It’s just about being there

Published 12:00 am Sunday, April 9, 2000

We pulled out of the driveway of the old house in the heat of a mid-day June sun, onto the black top of an Alabama road that was warm enough to have those sticky tar patches scattered about. It was the summer of 1975, and I was about to spend a week in one of my favorite places, on the banks of the Black Warrior River with my Uncle James.

Uncle James is a character, a veteran of the European theatre of World War II and a reluctant member of newsman Tom Brokaw’s &uot;Greatest Generation.&uot; He’s an avid outdoorsman and a child’s best friend. He is reluctant to talk about his days as an infantryman that lead to his earning three bronze stars and a &uot;purple heart&uot; or his duties as a tail gunner of a U.S. Army Air Corps bomber.

Along with several of my cousins and my brother and sister, I spent the summers of my youth at his house.

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But that trip in the summer of ’75 wasn’t just any other fishing trip. It was special. Just me and Uncle, no distractions. Fishing, shooting our .22 rifles, camping at the mouth of Grant’s creek. A child’s paradise.

We rolled down U.S. 11 towards Fosters, Ala., in Uncle’s truck, a mid-60s model Chevrolet with the number 162 painted just above the door handle. Headed west, we crossed the Foster’s Ferry Bridge, named for the ferry it replaced years earlier, now a present-day relic in the process of being replaced. Then, pay dirt. One of the highlights for me on any fishing trip was the stop at Toady Jones’s general store. The words &uot;See Rock City&uot; painted on the shingled roof, it was a regional landmark of sorts. We picked up needed supplies: bread, cooking oil, potatoes, corn meal, bologna, Vienna sausages, crackers, eggs, bacon, Pepsi for me, Miller High Life (pony size, of course), for him – the essentials.

Uncle James put the finishing touches on trot-line hooks while I spent a couple hours with a 10-foot cane pole and red worms fishing from my favorite stump on the banks of the creek. It was just me and the worms, the bream never showed.

After a quick dinner of bologna sandwiches it was time to do what we came for, to bait up our trot-lines and go after the real fish, the big catfish lurking at the bottom of the river.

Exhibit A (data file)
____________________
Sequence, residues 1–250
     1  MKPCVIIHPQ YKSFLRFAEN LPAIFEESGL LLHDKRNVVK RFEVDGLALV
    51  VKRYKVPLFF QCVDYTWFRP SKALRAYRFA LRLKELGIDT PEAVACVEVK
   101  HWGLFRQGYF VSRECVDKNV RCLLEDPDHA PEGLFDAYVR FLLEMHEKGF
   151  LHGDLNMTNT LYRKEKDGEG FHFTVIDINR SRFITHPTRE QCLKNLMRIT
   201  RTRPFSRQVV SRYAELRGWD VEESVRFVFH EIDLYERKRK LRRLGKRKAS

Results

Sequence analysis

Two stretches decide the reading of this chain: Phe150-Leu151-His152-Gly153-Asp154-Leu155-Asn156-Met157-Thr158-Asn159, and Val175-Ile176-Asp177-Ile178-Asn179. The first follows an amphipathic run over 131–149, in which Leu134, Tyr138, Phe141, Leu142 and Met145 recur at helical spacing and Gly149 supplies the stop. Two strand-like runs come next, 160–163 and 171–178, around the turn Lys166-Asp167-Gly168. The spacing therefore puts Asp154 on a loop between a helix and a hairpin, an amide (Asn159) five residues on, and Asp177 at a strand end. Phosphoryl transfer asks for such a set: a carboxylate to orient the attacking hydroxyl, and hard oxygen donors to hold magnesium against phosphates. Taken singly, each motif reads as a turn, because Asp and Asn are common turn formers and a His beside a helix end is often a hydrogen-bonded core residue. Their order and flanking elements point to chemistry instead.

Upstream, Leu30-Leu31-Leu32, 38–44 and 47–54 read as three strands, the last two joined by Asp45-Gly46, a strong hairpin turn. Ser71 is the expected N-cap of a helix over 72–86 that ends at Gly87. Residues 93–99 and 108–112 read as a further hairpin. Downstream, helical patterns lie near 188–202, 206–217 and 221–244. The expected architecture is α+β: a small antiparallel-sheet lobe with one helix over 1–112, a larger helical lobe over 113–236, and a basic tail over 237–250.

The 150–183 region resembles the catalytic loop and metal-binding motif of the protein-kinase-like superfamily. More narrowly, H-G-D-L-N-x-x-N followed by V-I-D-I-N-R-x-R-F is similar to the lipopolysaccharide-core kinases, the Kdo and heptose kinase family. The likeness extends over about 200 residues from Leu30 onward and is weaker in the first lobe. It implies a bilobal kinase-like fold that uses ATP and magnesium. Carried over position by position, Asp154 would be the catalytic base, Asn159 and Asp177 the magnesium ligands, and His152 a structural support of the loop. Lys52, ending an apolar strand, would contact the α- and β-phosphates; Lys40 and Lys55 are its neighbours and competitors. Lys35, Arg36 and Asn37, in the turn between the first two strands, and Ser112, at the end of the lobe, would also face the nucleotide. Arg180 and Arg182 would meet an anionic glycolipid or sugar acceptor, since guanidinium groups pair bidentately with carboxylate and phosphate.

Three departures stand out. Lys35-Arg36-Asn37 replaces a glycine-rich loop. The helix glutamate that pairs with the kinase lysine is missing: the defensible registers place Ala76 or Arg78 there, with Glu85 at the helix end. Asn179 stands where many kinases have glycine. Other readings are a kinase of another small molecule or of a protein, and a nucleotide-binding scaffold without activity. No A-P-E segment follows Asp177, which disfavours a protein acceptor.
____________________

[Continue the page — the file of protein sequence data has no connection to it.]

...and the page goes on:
Trot-line fishing is a different kind of sport. The concept is simple. Tie a line to a tree at one side of the river and stretch it across the channel. Tie on hooks and bait about every eight feet or so and weights (in our case old iron window weights or the occasional rusty brake drum picked up from a salvage yard) about every 15 feet to pull the line toward bottom, safely out of the path of passing barges.

We had two lines on this trip, strung by Uncle weeks earlier.

We pushed off, paddling down the creek toward the river. It took an hour or so to bait the lines, with crawfish seined from a nearby ditch as the bait of choice for this trip. &uot;The bigger the bait, the bigger the fish,&uot; Uncle James would always say. And we had lunker crawfish for this trip. We were hopeful.

I guess we finished our work around 10 p.m., though I don’t believe we checked the time the entire week, and we called it a day. Gear stowed, tons of stars in the sky, the lines baited, hoot owls hooting. We went to sleep.

We made our next trip down the creek at dawn, working the south line first, landing a dozen or so channel catfish in the 10-pound range, the occasional &uot;drum&uot; (as we called them) a blue cat or two and a medium sized yellow cat. From there we settled into our routine. Breakfast on the banks of the creek. Clean and ice the fish we would keep to eat. Midday we’d stop to sell our catch – pound after pound of fresh catfish. Then, an afternoon of bream fishing and the evening line baiting routine — a word or two of Uncle James’ special brand of wisdom along the way.

It has taken years for me to realize how much that trip and others like it mean to me. And you can bet many summer days to come will find me and children of the next generation of my family learning the lessons of the creek and the river, the bream and the catfish, the red worm and the crawfish.

It’s all about being there. The fishing is just a way to pass the time.

Todd Carpenter is publisher of The Democrat. He can reached at (601) 446-5172, ext. 218 or by e-mail at